This week in labor history: September 7-13




1916 Federal employees win the right to receive Workers’ Compensation insurance coverage.

1909 Employers give in to the demands of thousands of Wobblies-led striking railroad car production workers in McKees Rocks, Pa., agree to improved working conditions, 15 percent hike in wages and elimination of a “pool system” that gave foremen control over each worker’s pay.
1942 Workers give up their Labor Day weekend holidays to keep the munitions factories working to aid in the war effort. Most Labor Day parades are cancelled in respect for members of the Armed Services.
1942 Five Liberty ships named after Labor leaders are launched this Labor Day. They were built by union labor in Kaiser and Bethlehem shipyards on both coasts. The ships were named after the late leaders Andrew Fruseth of the Sailors Union of the Pacific and the International Seamen’s Union; Peter J. McGuire of the Carpenters; James Duncan of the Granite Cutters; John W. Brown of the Marine and Shipbuilding Workers of America; and John Mitchell of the Mine Workers.
1965 United Farm Workers union begins historic national grape boycott and strike, Delano, Calif.
1997 Some 2,600 Bay Area Rapid Transit (BART) workers begin what is to be a successful six-day strike for higher pay and against a two-tier wage system.

1890 In convention at Topeka, Kan., delegates create the Brotherhood of Railway Carmen of America. The men who repaired the nation’s rail cars were paid 10 or 15 cents an hour, working 12 hours a day, often seven days a week.
1919 More than a thousand Boston police officers strike after 19 union leaders are fired for organizing activities. Massachusetts Gov. Calvin Coolidge announced that none of the strikers would be rehired, mobilized the state police, and recruited an entirely new police force from among unemployed veterans of the Great War (World War I).
1924 Sixteen striking Filipino sugar workers on the Hawaiian island of Kauai are killed by police; four police died as well. Many of the surviving strikers were jailed, then deported.
1973 United Auto Workers President Leonard Woodcock is named in Pres. Richard Nixon’s “Enemy’s List,” a White House compilation of Americans Nixon regarded as major political opponents. Another dozen union presidents were added later.  The existence of the list was revealed during Senate Watergate Committee hearings.

1897 In Pennsylvania, Polish, Lithuanian and Slovak miners are gunned down by the Lattimer Mine’s sheriff deputies — 19 were killed, and more than 50 wounded — during a peaceful march from Hazelton to Lattimer. Some 3,000 were marching for collective bargaining and civil liberty. The shooters were tried for murder, but the jury failed to convict.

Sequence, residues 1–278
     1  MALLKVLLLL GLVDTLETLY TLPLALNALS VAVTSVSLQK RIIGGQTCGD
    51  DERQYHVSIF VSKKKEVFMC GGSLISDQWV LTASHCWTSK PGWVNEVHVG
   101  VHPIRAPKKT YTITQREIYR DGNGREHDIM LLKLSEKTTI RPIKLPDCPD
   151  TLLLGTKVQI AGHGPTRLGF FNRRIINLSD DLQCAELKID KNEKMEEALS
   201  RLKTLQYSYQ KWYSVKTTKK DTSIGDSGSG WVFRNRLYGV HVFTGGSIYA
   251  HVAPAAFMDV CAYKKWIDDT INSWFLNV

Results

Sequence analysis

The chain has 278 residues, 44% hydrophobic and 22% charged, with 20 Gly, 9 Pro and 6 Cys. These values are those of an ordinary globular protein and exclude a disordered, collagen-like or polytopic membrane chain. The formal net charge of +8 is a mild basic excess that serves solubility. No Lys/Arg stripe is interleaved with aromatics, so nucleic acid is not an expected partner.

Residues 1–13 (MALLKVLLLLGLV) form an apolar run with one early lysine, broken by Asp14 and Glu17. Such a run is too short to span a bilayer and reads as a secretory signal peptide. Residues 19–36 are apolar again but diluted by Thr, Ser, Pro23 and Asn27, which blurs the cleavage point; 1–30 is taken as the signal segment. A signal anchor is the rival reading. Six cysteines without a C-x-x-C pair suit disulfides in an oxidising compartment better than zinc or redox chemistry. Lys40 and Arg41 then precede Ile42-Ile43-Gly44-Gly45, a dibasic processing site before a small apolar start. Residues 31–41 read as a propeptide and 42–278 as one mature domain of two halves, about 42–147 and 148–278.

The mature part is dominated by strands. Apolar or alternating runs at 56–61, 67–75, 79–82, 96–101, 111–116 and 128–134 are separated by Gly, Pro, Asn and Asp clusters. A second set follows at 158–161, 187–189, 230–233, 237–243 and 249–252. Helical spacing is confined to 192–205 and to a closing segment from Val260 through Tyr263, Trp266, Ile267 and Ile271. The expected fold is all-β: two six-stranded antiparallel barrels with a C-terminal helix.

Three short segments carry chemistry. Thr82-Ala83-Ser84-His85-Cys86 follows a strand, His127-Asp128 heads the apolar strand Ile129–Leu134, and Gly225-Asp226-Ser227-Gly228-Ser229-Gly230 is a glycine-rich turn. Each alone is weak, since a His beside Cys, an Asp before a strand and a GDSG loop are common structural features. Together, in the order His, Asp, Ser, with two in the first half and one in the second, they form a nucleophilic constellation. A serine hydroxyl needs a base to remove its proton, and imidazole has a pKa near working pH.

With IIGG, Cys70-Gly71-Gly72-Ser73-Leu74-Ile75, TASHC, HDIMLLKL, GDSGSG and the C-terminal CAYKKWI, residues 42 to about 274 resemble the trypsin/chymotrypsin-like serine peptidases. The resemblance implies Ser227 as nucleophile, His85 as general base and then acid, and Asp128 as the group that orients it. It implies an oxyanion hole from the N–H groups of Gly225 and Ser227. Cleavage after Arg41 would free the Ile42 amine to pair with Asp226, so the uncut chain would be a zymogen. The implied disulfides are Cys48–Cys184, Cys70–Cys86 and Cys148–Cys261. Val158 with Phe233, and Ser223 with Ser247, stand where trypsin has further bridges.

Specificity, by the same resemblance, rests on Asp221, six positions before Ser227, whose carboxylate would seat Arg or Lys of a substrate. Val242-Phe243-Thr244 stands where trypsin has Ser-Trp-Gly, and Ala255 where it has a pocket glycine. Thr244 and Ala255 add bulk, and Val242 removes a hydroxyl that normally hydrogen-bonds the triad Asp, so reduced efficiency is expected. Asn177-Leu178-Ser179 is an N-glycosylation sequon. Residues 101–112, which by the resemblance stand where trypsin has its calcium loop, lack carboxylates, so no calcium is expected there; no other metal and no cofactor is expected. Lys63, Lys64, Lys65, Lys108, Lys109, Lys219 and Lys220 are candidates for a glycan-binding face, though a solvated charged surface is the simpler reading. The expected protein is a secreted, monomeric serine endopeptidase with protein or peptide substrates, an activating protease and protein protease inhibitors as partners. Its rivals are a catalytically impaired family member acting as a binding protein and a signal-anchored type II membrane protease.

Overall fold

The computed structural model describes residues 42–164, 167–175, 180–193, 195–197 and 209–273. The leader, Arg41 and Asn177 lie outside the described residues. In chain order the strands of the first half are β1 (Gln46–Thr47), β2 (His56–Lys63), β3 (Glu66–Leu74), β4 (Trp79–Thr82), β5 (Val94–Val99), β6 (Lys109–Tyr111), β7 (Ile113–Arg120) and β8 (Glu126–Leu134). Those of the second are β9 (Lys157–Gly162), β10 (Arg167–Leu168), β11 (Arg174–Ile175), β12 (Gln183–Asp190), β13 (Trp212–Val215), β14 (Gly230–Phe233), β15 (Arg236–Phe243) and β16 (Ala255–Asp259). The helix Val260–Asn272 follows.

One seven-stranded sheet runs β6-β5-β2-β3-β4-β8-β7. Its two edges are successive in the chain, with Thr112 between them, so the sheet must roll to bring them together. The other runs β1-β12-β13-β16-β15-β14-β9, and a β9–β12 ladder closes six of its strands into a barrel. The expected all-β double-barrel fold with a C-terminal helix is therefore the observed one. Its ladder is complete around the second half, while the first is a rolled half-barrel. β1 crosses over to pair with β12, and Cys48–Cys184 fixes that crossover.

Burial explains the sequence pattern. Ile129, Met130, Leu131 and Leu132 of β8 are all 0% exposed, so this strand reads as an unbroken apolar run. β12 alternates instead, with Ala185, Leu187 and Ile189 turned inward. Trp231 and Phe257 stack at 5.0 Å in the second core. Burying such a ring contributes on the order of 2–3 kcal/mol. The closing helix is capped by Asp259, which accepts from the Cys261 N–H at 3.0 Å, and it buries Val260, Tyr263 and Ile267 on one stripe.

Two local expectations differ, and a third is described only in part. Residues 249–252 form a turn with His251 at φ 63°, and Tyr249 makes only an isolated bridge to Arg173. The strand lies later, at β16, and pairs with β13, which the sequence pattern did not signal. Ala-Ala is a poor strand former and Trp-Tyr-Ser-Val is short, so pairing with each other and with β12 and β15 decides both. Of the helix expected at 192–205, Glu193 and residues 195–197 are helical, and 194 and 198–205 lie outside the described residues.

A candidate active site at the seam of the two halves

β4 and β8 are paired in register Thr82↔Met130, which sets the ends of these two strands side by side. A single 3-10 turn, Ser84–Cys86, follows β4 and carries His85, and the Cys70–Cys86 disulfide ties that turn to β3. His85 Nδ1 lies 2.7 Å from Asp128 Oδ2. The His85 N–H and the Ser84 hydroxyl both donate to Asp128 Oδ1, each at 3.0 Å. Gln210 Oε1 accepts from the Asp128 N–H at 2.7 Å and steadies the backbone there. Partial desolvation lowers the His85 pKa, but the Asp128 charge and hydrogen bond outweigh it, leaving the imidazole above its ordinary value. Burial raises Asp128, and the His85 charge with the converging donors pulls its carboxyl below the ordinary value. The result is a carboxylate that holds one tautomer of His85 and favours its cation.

1897 Some 75,000 coal miners in Pennsylvania, Ohio and West Virginia end a 10-week strike after winning an eight-hour day, semi-monthly pay, and the abolition of overpriced company-owned stores, where they had been forced to shop. (Remember the song, “Sixteen Tons,” by coal miner’s son Merle Travis, in which there’s this line: “I owe my soul to the company store.”)
2001 More than 3,000 people die when suicide hijackers crashed planes into the World Trade Center towers, the Pentagon and a Pennsylvania field. Among the dead in New York were 634 union members, the majority of them New York City fire fighters and police on the scene when the towers fell.
2009 Crystal Lee Sutton, the real-life Norma Rae of the movies, dies at age 68. She worked at a J.P. Stevens textile plant in Roanoke Rapids, N.C., when low pay and poor working conditions led her to become a union activist.

1918 Eugene V. Debs, Labor leader and socialist, sentenced to 10 years for opposing World War I. While in jail Debs received one million votes for president.
1932 Jobless workers march on grocery stores and seize food in Toledo, Ohio.
1934 National Guardsmen fire on “sullen and rebellious” strikers at the Woonsocket (Rhode Island) Rayon plant, killing one and injuring three others. A correspondent said the crowd of about 2,000 “went completely wild with rage.” As word spread, 6,000 more workers arrived at the scene and the city was put under military rule. The governor declared that “there is a Communist uprising and not a textile strike” in the state.
1935 United Rubber Workers forms in Akron, Ohio.
1940 A total of 49 people are killed, 200 injured, in explosion at the Hercules Powder Company plant in Kenvil, N.J.
1998 New York City’s Union Square, the site of the first Labor Day in 1882, is officially named a national historic landmark. The square has long been a focal point for working class protest and political expression.

1926 The Post Office Department orders 25,000 railway mail clerks to shoot to kill any bandits attempting to rob the mail.
1971 Eleven AFSCME-represented prison employees and 33 inmates die in four days of rioting at New York State’s Attica Prison and the retaking of the prison. The riot caused the nation to take a closer look at prison conditions, for inmates and their guards alike.

(Compiled by David Prosten, founder Union Communication Services)